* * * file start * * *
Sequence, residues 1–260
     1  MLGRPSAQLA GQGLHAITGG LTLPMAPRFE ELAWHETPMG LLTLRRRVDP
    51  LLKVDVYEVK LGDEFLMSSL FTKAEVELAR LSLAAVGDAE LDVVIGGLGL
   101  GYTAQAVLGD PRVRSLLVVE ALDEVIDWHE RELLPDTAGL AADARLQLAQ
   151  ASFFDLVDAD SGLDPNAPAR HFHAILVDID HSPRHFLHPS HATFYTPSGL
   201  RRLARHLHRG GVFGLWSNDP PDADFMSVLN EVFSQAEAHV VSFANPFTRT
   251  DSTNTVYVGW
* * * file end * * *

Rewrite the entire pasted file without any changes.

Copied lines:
Sequence, residues 1–260
     1  MLGRPSAQLA GQGLHAITGG LTLPMAPRFE ELAWHETPMG LLTLRRRVDP
    51  LLKVDVYEVK LGDEFLMSSL FTKAEVELAR LSLAAVGDAE LDVVIGGLGL
   101  GYTAQAVLGD PRVRSLLVVE ALDEVIDWHE RELLPDTAGL AADARLQLAQ
   151  ASFFDLVDAD SGLDPNAPAR HFHAILVDID HSPRHFLHPS HATFYTPSGL
   201  RRLARHLHRG GVFGLWSNDP PDADFMSVLN EVFSQAEAHV VSFANPFTRT
   251  DSTNTVYVGW